24/11/2023FASHION FOR FULLER LIPS NOT A MODERN PHENOMENON: ENGLISH HERITAGE REVEALS JACOBEAN LADY’S ORIGINAL BEAUTY
- Charity’s conservation experts reveal 17th-century painting received a touch-up to its sitter’s features, including her lips and hair
- Newly conserved painting will go on display at Kenwood in London on 30 November
Think Kylie Jenner’s penchant for fuller lips reflects a modern beauty phenomenon? Think again, says English Heritage as the charity revealed today (24 November) that a painting within its own collection of a Jacobean “beauty” received a much later touch-up involving plumper lips and a lower hairline. After hours of careful conservation, experts have revealed the true face of noblewoman Diana Cecil as her portrait goes on display at Kenwood House in London on 30 November.
Diana Cecil (1596–1654) was the great-granddaughter of William Cecil, Lord Burghley, one of Elizabeth I’s closest friends and advisors and the Cecils were a powerful noble family at the Jacobean court. In her youth, Diana was one of the great beauties of the age, but it seems a later artist may have had other ideas. Painstaking conservation work of a full-length portrait of Diana has revealed overpainting on her lips to make them fuller, as well as overpainting on her hairline which makes her forehead appear smaller. While the painting had at some point been rolled widthways, which caused significant damage and may have resulted in the need for a touch-up, the overpainting of these features is a curious choice. English Heritage experts have now removed the yellowing layer of old varnish to reveal Diana’s true colours, as well as revealing her lips and hair as they were originally painted. In removing the varnish, another remarkable discovery was made, hidden in the painting’s curtain – the date of the portrait was uncovered as 1634 (previously thought to be 1638) as well as the artist’s signature, that of Cornelius Johnson.
Alice Tate-Harte, Collections Conservator (Fine Art) at English Heritage, said: “As a paintings conservator I am often amazed by the vivid and rich colours that reveal themselves as I remove old, yellowing varnish from portraits, but finding out Diana’s features had been changed so much was certainly a surprise! While the original reason for overpainting could have been to cover damage from the portrait being rolled, the restorer certainly added their own preferences to ‘sweeten’ her face. I hope I’ve done Diana justice by removing those additions and presenting her natural face to the world.”
Kenwood is home to two portraits of Diana Cecil – one painted by artist William Larkin when she was around 15, and this work by Cornelius Johnson when she was around 31. Johnson portrays the older Diana in a fashionable blue satin bodice and full, trailing skirt. By contrast to the earlier portrait of Diana, elite fashion is characterised by understated elegance, rather than opulently patterned fabric or complicated layering. Plain silk, satin or taffeta were the height of fashion, with one or two focal points, such as the red ribbons laced across the front of her bodice, holding the stomacher in place, and a matching red rose at her breast and a patterned fan, which Diana holds half-open in front of her. Both paintings of Diana at Kenwood are part of The Suffolk Collection – collected over a period of 400 years by generations of the earls of Suffolk and Berkshire (Diana’s sister, Elizabeth Cecil, married Thomas Howard, 1st Earl of Berkshire. He was the second son of the 1st Earl and Countess of Suffolk).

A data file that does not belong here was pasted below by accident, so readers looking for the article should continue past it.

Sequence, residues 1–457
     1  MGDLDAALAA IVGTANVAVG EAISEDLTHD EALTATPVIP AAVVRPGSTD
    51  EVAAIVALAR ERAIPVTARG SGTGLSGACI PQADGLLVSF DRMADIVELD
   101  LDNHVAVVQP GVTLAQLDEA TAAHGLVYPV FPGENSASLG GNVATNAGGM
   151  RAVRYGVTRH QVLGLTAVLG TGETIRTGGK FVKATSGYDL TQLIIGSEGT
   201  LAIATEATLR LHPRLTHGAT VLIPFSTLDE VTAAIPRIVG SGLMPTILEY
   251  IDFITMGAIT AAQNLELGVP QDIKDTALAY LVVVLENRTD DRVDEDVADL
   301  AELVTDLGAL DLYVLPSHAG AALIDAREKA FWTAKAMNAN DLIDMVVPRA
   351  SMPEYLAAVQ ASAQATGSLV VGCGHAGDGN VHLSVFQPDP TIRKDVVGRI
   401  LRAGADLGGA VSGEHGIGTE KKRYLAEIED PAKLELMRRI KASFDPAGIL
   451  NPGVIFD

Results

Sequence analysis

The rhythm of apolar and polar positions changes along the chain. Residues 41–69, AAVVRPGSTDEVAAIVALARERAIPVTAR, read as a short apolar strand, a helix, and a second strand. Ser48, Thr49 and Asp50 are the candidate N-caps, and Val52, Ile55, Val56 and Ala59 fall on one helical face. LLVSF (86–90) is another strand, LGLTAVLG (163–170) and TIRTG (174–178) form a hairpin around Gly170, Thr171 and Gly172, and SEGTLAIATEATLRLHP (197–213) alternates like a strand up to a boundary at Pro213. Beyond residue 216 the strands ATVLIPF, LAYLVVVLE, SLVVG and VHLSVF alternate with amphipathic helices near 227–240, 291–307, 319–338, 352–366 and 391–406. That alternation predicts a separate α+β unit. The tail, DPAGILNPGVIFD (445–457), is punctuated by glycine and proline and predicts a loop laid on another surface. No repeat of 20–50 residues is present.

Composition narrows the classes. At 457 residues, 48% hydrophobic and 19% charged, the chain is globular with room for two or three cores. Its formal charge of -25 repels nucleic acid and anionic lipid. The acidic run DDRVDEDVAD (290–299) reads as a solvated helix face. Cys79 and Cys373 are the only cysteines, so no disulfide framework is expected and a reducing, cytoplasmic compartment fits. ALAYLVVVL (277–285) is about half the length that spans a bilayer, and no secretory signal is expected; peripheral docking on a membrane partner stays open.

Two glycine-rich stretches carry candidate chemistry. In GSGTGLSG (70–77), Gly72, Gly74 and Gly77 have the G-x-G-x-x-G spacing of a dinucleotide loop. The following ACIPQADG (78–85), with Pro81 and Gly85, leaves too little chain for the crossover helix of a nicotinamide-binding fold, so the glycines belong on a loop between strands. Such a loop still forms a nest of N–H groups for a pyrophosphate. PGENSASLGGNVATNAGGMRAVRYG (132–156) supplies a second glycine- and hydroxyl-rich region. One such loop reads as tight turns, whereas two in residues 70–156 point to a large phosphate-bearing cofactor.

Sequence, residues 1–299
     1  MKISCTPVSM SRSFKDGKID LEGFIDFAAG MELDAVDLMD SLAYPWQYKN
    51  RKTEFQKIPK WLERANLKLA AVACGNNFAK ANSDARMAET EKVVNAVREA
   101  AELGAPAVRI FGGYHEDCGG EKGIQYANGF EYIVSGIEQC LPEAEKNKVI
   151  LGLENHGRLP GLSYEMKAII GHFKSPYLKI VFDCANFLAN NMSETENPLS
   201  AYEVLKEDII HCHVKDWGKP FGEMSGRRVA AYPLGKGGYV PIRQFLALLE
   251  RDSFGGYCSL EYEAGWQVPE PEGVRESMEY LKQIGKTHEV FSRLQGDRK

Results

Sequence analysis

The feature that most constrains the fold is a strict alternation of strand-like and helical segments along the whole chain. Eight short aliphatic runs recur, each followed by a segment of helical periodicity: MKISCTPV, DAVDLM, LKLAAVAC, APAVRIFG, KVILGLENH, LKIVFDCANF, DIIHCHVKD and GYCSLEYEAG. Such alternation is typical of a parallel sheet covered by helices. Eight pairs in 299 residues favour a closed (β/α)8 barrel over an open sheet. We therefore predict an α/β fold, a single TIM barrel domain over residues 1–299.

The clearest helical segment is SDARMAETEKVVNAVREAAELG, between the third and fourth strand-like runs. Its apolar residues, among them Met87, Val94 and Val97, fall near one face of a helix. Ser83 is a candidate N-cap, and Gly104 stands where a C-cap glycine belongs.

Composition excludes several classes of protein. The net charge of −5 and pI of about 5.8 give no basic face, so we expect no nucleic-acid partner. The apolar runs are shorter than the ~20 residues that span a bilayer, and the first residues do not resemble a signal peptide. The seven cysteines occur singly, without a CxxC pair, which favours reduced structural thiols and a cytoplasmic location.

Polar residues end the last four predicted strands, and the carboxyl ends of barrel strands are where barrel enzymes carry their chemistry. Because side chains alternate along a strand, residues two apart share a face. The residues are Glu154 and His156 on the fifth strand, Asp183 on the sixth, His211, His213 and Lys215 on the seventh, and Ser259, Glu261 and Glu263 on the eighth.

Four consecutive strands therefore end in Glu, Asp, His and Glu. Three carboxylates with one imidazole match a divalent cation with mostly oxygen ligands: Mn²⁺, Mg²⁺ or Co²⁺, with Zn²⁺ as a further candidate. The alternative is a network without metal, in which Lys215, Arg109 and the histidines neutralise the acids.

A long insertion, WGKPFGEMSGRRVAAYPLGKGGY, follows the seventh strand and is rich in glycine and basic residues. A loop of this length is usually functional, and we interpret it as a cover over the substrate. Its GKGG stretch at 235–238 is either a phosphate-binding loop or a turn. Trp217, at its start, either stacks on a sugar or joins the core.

Diana came from a powerful noble family and also married powerful men – first Henry de Vere, 18th Earl of Oxford, who died on a year later, and then in 1629 Lord Thomas Bruce, later 1st Earl of Elgin. Full-length portraits were an established convention by the early 17th-century and many members of the aristocracy were depicted on this impressive scale. In the case of The Suffolk Collection, such portraits serve as a visual representation of powerful networks of extended family and friendship. This ancestral collection was given to the nation in 1974 through the will of Margaret ‘Daisy’ Howard, 19th Countess of Suffolk, under the auspices of her daughter-in-law Mary Greville Howard.
The newly conserved painting of Diana Cecil will go on display – next to its pair, a portrait of her husband Thomas Bruce, the 1st Earl of Elgin – at Kenwood, a free site, on Thursday 30 November.